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Enabling the Digital Mine

- August 9, 2018 10:40 am

“The mine of tomorrow is not your Father’s Mine.”

Today, robots are an essential part of making automotive plants competitive. In recent years, over half of industrial robot purchases in North America have been made by automakers. Yet a mere decade ago, the idea of leveraging similar technology to develop autonomous mining solutions was science fiction. Digital operations even just a few years ago seemed unlikely for an industry built of fast-followers or laggards, but the new economic realities are driving a new way of thinking.

Nearly a decade since global commodity prices peaked in mining, the industry is facing strong headwinds and is in search of a new identity. The reality is that there are fewer high-quality ore deposits left to develop, and many of those are in harsh and remote locations. Coupled with an aging workforce and poor social license, miners must dramatically rethink how operations of the future are conducted.

Almost every facet of mining operations have the ability to be digitally transformed, and the opportunity over the next decade is massive. How massive? According to a recent World Economic Forum study the industry could achieve close to half a trillion dollars of value, with almost all of the benefits tied to driving down cost per tonne.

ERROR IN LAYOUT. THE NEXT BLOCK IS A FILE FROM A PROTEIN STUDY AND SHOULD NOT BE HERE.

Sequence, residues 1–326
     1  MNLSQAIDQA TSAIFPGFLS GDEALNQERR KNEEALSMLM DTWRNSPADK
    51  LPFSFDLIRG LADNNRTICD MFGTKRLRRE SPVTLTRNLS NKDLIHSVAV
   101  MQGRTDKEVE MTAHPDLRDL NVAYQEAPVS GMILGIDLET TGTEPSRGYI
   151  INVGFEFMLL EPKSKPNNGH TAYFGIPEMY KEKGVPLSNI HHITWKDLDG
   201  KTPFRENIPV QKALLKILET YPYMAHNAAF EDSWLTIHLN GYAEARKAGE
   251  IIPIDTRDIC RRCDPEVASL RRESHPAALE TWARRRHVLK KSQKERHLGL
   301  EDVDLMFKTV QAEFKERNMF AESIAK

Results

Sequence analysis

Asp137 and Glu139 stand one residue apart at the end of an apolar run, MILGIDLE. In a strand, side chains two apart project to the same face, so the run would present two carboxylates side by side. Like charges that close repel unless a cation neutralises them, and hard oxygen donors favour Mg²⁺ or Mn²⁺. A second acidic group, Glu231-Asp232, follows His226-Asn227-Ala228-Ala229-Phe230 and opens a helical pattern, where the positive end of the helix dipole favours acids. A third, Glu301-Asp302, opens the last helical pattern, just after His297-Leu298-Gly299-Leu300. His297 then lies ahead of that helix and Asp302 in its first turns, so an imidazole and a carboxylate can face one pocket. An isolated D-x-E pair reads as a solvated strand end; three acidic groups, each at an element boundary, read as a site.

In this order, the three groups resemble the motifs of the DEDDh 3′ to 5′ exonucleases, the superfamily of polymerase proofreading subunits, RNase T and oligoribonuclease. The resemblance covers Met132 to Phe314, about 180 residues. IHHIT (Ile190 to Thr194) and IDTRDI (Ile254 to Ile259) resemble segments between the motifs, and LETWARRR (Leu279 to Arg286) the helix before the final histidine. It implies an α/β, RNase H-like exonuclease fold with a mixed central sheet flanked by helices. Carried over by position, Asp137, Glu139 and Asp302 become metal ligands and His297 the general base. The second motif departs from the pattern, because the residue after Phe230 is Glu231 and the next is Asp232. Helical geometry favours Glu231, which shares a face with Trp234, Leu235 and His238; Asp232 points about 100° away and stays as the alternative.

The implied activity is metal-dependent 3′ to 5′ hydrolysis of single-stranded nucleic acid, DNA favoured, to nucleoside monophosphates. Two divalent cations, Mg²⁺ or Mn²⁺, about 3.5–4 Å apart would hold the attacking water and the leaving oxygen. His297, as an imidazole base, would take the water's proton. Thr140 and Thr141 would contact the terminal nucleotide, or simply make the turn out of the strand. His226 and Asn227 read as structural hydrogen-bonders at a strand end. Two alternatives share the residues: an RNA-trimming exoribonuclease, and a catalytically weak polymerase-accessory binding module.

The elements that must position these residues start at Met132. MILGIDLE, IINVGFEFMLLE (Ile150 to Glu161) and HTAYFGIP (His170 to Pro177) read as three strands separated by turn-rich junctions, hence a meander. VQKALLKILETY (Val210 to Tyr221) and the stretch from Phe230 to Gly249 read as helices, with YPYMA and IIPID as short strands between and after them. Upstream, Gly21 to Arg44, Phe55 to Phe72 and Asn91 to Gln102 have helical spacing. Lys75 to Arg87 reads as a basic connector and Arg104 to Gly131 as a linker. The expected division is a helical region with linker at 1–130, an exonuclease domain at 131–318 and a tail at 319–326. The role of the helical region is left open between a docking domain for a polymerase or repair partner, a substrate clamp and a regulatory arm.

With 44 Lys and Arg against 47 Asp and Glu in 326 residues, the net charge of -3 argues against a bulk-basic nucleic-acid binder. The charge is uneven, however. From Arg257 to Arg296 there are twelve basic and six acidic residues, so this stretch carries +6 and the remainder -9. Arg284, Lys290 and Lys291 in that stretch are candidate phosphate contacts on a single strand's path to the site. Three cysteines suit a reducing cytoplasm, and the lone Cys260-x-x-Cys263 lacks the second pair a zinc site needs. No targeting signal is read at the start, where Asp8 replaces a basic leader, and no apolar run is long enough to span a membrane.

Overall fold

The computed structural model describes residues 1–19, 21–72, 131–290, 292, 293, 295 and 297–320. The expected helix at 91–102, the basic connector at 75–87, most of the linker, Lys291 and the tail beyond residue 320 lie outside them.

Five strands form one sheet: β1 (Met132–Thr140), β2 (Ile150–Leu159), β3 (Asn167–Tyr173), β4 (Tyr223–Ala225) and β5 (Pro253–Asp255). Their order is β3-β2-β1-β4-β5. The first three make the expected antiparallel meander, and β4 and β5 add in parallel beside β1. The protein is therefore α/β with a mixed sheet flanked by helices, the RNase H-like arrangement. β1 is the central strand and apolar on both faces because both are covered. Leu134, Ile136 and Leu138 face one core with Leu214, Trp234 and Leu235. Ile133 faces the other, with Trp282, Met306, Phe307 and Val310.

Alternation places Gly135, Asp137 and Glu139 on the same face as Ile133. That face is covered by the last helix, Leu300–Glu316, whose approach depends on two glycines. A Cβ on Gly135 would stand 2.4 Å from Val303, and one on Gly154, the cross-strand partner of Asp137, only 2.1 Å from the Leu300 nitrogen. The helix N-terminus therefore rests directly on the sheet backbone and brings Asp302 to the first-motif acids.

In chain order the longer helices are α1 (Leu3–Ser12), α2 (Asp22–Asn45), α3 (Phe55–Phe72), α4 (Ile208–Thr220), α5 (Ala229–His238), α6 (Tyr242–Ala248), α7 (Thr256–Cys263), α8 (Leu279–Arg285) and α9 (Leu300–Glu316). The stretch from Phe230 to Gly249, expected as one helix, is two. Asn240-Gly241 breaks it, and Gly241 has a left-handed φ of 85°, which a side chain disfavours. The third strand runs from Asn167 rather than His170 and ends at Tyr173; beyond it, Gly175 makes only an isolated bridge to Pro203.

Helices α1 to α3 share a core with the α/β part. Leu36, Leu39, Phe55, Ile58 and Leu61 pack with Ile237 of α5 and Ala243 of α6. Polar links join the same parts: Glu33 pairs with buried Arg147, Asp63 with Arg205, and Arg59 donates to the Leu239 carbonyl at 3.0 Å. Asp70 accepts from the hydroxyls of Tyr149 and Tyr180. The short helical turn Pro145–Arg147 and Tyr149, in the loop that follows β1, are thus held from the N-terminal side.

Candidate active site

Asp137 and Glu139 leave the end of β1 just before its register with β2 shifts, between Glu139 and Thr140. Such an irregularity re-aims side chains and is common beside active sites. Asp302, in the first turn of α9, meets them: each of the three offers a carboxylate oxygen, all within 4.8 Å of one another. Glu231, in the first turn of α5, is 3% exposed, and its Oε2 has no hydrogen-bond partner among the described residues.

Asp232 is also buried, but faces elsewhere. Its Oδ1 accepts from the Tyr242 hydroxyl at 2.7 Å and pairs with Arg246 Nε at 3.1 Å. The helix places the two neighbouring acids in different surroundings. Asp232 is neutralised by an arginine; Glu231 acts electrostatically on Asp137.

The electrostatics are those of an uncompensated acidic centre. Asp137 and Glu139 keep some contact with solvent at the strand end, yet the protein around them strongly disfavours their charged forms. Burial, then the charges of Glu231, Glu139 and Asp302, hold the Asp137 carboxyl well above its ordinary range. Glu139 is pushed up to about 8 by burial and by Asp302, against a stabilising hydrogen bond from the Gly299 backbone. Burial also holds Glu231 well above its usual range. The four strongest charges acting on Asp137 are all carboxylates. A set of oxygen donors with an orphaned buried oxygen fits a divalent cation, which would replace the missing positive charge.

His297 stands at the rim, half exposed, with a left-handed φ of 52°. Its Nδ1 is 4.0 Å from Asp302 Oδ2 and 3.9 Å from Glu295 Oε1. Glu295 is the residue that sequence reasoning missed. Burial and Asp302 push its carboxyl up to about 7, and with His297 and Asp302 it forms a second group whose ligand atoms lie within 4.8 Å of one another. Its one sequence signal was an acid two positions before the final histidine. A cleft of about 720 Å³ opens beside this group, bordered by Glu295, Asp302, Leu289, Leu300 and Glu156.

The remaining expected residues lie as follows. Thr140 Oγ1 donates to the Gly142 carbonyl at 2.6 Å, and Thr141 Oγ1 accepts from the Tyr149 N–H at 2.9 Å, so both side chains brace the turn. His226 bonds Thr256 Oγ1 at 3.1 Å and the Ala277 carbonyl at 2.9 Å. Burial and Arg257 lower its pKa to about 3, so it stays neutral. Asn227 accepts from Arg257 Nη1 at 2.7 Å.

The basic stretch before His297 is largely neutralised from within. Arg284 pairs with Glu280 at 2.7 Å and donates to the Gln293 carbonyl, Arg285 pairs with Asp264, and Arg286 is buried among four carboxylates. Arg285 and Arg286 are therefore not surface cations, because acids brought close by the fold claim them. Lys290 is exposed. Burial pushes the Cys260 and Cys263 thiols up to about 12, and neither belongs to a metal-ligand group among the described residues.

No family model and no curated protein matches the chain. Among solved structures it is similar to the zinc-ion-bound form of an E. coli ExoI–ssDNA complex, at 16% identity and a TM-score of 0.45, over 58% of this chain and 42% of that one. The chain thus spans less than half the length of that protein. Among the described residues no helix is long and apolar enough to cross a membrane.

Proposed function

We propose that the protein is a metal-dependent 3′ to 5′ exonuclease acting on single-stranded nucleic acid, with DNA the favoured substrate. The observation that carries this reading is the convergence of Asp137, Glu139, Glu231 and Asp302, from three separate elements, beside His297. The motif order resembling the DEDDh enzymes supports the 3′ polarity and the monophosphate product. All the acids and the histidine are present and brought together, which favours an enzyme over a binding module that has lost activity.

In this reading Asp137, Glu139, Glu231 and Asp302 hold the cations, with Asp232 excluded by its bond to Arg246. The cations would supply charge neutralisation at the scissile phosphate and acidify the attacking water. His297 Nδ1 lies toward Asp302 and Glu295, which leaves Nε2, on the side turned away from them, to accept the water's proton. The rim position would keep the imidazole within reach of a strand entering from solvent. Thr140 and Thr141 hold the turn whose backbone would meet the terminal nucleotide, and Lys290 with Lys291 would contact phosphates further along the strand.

From automation and robotics to digitally driven workforces and analytics, digital transformation and the adoption of the Internet of Things (IoT) shows great promise for an industry desperately in need of a makeover. Autonomous and remote operations alone stand to create more than $50b of value. Already industry leaders like Rio Tinto have embraced autonomous haulers, with 76 autonomous vehicles in Rio’s 400-strong truck fleet in Western Australia driving an estimated 15% reduction in cost compared to the non-autonomous haulers. Although cost savings will be the driver for digital mining, the benefits go far beyond. For example, it is estimated that more than 10,000 injuries and 250 fatalities will be avoided over the next decade by these solutions.

So why has an industry struggling with depressed commodity prices for more than a decade been so slow to adopt digital technologies? The answer may lie in the reality that many of the technologies needed for industrial digitization simply did not exist, or were too expensive to make economic sense. The image below shows that many horizontal technologies like IoT, sensors, and analytics simply were not capable a decade ago. But these industrial technologies have greatly benefited from other industries like consumer electronics, aviation, and IT, making them cost effective for mining.